Ever since I first published the Product Management Triangle in 2014, people have asked for versions they can use for their own purposes.

I finally made this a lot easier! I updated the triangle and made it available as a Keynote template. Click here to download it. Edit the diagram however you want. I’d love to see what you do with it.

Screen Shot 2020-03-13 at 2.28.40 PM

And here’s an expanded version that shows things that are both internal and external to your company.

Screen Shot 2020-03-13 at 10.34.50 AM

Technology entrepreneurs like to say that they’re “making the world a better place” but they usually have little idea about what will happen if their creations are adopted. They often can’t even draw a clear line from what they’re doing to a better world.

This phenomenon was mocked beautifully in one of my favorite sequences from HBO’s Silicon Valley. In that episode, startup founders make claims like these:

  • “We’re making the world a better place through paxos algorithms for consensus protocols.”
  • “We’re making the world a better place though software defined data centers for cloud computing.”
  • “We’re making the world a better place through canonical data models to communicate between end points.”
  • “We’re making the world a better place through scalable, fault tolerant distributed databases with acid transactions.”

The sequence exposes the bullshit nature of many startup visions.

Even when you do have plausible narrative for achieving a big goal, your vision drifts from reality when your tech hits the real world. Your customers will use your product in unforeseen ways. The second- and third-order social impacts are impossible to predict. The creators of online social networks didn’t anticipate Trump.

To make an ambitious vision come true, you must perpetually adjust the path to your vision based on how the world is responding to your tech.

This is relatively easy for small startups. The same people with the vision are the ones doing the front-line work. If something unexpected happens, small startups can adjust plans with minimal communication. That said, many startups will quickly forget their original visions when they see a different path to survival (which can either be good or bad).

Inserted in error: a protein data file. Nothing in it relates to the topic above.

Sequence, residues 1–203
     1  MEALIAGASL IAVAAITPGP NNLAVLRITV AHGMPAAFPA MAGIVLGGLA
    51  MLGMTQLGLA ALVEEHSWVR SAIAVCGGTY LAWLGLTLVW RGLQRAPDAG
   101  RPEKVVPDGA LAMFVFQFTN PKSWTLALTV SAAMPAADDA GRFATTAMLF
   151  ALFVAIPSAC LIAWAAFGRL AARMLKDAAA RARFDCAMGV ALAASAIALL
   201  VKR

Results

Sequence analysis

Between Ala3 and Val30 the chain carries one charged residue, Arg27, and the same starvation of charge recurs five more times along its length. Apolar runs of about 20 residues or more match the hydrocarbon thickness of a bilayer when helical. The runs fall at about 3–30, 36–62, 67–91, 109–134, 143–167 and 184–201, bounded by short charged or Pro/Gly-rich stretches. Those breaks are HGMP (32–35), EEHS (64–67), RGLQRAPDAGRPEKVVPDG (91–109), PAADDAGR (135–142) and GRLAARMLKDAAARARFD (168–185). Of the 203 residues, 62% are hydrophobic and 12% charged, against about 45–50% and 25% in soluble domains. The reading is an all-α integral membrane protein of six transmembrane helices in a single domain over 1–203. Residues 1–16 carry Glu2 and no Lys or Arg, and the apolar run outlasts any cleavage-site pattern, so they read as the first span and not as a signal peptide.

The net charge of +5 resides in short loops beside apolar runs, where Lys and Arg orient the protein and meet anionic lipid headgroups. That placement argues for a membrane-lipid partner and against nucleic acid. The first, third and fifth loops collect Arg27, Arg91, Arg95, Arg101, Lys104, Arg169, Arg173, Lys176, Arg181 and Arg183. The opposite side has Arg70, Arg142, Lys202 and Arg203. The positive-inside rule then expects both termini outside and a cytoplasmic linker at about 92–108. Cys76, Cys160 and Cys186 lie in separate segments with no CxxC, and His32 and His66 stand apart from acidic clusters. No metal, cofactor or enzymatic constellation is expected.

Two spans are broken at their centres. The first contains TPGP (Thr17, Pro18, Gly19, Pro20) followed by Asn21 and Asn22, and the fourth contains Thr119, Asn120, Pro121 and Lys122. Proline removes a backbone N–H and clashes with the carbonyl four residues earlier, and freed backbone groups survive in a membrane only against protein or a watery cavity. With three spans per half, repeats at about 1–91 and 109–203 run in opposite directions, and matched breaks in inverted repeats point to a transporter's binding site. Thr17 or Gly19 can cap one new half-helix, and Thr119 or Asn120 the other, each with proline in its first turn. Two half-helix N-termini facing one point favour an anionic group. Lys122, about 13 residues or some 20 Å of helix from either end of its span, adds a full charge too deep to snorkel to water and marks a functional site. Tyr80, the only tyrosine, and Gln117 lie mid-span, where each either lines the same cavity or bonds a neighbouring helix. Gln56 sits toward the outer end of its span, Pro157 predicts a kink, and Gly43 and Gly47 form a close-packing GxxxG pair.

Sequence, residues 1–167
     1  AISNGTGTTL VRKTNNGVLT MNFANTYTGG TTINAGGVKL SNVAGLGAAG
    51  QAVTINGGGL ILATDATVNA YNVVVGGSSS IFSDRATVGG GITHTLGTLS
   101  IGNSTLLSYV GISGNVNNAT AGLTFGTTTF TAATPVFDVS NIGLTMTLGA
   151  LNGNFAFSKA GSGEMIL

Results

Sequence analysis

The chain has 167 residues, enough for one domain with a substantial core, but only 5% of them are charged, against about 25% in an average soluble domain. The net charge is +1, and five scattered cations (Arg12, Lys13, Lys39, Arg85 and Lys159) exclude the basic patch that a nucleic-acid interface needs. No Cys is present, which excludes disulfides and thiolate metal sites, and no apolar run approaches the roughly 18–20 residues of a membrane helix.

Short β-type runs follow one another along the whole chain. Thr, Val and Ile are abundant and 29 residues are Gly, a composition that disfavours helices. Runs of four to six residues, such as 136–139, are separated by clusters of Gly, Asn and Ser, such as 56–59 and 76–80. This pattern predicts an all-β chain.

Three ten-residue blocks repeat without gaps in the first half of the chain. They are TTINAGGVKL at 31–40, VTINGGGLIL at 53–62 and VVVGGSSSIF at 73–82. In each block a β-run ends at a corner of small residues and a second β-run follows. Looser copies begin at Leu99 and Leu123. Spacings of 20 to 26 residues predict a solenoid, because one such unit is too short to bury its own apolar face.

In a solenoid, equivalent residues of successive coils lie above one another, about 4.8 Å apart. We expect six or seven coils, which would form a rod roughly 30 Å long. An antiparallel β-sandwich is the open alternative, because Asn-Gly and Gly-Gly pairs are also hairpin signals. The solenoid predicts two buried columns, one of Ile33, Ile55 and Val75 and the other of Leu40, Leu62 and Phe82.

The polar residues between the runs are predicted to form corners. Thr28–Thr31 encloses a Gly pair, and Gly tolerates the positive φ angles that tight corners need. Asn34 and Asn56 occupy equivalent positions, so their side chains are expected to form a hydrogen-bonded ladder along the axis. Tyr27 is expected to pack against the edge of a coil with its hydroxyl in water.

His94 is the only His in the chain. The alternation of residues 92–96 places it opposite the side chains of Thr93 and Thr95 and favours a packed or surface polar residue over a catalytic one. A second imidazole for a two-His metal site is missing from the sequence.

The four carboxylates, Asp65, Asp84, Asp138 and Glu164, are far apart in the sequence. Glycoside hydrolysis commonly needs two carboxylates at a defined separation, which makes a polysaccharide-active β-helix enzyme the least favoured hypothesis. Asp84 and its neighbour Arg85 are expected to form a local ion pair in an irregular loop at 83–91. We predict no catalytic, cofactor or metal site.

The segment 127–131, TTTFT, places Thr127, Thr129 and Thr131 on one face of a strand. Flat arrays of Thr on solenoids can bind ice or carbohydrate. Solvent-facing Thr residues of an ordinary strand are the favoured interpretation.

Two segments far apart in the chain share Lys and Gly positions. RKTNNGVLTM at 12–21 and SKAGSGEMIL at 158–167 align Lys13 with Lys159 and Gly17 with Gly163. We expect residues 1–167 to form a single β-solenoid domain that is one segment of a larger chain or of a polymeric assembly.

For larger companies, maintaining a narrative that connects their vision with reality is much harder. Without self-awareness, a company can start doings lots of things that have nothing to do with their intentions.

To illustrate this point, consider this diagram:

Innovation Accountability Infographic@2x (1)

Imagine that each cube represents a unit of engineering work. In aggregate, the cubes are the things your company shipped in a given week.

At a big company, only a small number of people are able to understand the contents of each particular cube. Their trail of cryptic code commit notifications does little to explain the work.

To help “manage” all the work being done, companies install project management tools and practices. Each blue box in the diagram represents a set of engineering work captured in the form of issues, stories, bugs, or features.

Project management tools make the engineering work more intelligible to the people working on each project. But just because something is represented in project management software doesn’t mean it maps to a company goal. Project management software, alone, helps you be a better feature factory, but it doesn’t keep you in sync with your vision.

I’m building Double-Loop to help companies achieve, as the top part of the diagram says, complete alignment across strategy, project management, and engineering.

My vision with Double-Loop is to capture every unit of engineering work that your company produces through integrations with tools like GitHub. Each unit of engineering is like a transaction your company makes with the world. And, like transactions in the financial sense, they should be accounted for and reconciled with your company goals. You should know how much you’re “spending” on each goal and the return on investment.

With Double-Loop, as new engineering work is deployed, you’re prompted to map it to your company goals and capture the results achieved after launch. When something doesn’t reconcile easily, it means either your goals need to shift or the work needs to cease.

Today, most companies don’t know how much of their output maps or doesn’t map to their goals. When a company’s work is invisible to the folks steering the ship, it means they’ve created a monster with potential to wreak havoc on the world around them.